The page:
This chapter focuses on some of the ways in which states and their citizens have sought to describe and identify terrorists and terrorism, and why they have adopted certain historical tropes and language in the process. Modern states have utilised a number of long-standing historical tropes as lenses through which to view the nature and threat of modern sub-state terrorism, in turn adopting corresponding historical narratives to condemn and counter terrorism. ‘History’ has therefore proved a useful tool in helping states legitimate counterterrorism policies. ‘History’ has also played a role in the scholarship of Terrorism Studies, with commentators looking to the past in order to differentiate between ‘old’ and ‘new’ terrorism. The historical evidence for the old/new terrorism thesis may be fragile, but the presentation of ‘new terrorism’ – characterised by religious fanaticism (notably Islamic extremism), irrationality and unlimited violence – has drawn heavily upon the historical trope of civilisation struggling against barbarism. Terrorists have become the paradigmatic new barbarians of our current political era. The wider cultural resonances of this linguistic association between barbarism and terrorism is important because, as Crenshaw rightly argues, language is not neutral. By using the language of barbarism in reference to terrorism, states are able to situate terrorists immediately within a deep cultural understanding of threat and the Other.
To analyze the cost of the terror attack in Nice in a single pediatric institution.
We carried out descriptive analyses of the data coming from the Lenval University Children’s Hospital of Nice database after the July 14, 2016 terror attack. The medical cost for each patient was estimated from the invoice that the hospital sent to public insurance. The indirect costs were calculated from the hospital’s accounting, as the items that were previously absent or the difference between costs in 2016 versus the previous year.
The costs total 1.56 million USD, corresponding to 2% of Lenval Hospital’s 2016 annual budget. Direct medical costs represented 9% of the total cost. The indirect costs were related to human resources (overtime, sick leave), revenue shortfall, and security and psychiatric reinforcement.
Indirect costs had a greater impact than did direct medical costs. Examining the level and variety of direct and indirect costs will lead to a better understanding of the consequences of terror acts and to improved preparation for future attacks.
This chapter re-examines the idea that the development of the novel was hampered by politics during the French Revolution and that literary production was mediocre and ill-suited to the new social order. It studies the shift in the literary scene after the storming of the Bastille and the role of writers in regenerating the nation before considering the propagandistic works of republican writers during the radical phase of the Revolution. The death of the radical leader Robespierre in 1794 resulted in a clear shift in literary activity and prompted a move towards setting novels during the early 1790s which denounce the excesses of Robespierre and his supporters. The chapter places particular emphasis on the under-researched Directory period (1795-99) which is marked by a vogue for the Gothic and for fiction by and about émigrés.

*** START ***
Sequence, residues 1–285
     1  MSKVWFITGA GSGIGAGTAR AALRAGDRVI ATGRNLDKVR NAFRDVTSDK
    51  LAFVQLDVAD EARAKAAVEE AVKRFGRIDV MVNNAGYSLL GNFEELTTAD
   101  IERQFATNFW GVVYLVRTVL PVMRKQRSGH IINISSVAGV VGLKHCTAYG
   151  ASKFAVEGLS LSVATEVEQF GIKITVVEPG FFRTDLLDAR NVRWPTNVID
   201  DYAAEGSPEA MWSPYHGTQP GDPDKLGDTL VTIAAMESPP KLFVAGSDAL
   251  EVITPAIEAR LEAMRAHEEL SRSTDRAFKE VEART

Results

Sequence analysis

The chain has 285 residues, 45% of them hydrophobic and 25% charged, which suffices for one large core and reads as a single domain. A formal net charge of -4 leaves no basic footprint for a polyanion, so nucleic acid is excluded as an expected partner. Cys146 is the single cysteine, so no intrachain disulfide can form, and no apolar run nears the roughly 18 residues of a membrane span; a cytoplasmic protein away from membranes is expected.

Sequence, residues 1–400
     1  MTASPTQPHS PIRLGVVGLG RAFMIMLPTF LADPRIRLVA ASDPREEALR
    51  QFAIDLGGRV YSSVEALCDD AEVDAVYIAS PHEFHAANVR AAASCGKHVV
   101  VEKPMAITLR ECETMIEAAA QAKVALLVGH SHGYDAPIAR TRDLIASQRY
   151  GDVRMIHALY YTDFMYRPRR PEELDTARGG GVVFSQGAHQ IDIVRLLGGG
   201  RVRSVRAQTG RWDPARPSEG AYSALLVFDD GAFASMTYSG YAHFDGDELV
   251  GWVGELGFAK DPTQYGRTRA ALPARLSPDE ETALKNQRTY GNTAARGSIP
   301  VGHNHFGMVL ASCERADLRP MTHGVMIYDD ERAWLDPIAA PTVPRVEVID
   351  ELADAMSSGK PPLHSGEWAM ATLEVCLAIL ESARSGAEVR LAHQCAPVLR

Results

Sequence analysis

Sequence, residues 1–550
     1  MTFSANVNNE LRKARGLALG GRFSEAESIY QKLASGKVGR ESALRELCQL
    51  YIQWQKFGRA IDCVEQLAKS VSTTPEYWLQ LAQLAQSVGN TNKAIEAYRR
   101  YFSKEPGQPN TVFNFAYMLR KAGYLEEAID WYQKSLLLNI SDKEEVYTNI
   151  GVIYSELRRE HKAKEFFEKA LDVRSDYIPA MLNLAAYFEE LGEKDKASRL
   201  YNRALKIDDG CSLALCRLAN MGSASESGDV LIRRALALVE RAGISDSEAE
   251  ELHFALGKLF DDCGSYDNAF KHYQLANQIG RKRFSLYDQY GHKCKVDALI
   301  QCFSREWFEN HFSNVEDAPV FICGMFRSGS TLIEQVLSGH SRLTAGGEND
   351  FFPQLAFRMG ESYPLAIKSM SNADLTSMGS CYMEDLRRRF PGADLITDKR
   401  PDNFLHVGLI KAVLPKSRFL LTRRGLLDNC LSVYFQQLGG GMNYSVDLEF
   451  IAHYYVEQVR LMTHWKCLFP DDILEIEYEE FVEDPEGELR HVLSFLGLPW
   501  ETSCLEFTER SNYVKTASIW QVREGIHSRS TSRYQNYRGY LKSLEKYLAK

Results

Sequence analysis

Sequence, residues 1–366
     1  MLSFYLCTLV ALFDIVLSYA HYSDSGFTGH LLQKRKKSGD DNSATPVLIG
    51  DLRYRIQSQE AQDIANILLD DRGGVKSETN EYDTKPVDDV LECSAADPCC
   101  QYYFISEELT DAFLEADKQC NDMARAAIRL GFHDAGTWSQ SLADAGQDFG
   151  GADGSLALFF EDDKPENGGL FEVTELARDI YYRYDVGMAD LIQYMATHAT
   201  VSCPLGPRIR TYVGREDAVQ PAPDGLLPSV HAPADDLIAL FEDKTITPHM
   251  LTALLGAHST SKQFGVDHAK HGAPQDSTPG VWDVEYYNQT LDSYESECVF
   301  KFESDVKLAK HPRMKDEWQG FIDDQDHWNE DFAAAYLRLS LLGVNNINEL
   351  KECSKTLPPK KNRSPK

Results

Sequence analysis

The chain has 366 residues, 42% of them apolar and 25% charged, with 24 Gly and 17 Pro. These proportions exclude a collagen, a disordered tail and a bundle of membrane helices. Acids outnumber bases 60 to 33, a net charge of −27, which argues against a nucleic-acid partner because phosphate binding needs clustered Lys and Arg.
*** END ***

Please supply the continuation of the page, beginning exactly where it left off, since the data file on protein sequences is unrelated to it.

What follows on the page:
This chapter examines how establishment sectors, ranging from the right to the moderate left, responded to the rash efforts of radical left-wingers to replicate Lenin's revolutionary success in Russia in a wide range of countries. Fearful of Communism, status-quo defenders everywhere squashed these precipitous uprisings. For this purpose, they employed excessive violence and resorted to significant "overkill." This reaction was driven by cognitive heuristics, which inspired an overestimation of the extreme-left threat and which activated loss aversion and thus prompted a disproportionately drastic response. Going beyond repression, the reaction to this early riptide of left-wing revolutionary efforts included the emergence of fascism in Italy, which arose in direct struggle against leftist contention; and the imposition of authoritarianism in Hungary, which followed upon a failed "Soviet Republic." The chapter provides substantial analyses of these two cases and explains why different types of autocracy emerged in these two countries.
This chapter examines eighteenth- and early nineteenth-century visions of apocalypse regarding the future of black lives in the American body politic. It begins with readings of Jefferson’s fear of a black planet in Notes on the State of Virginia and Crèvecoeur’s depictions of racial terror in Letters from an American Farmer. The chapter then investigates the writing of an African American herald of the end times, Christopher MacPherson. The chapter reads the apocalyptic jeremiad of MacPherson’s pamphlet, Christ’s Millennium (1811), as a reparative response to the suppression of black voices and the annihilation of black lives.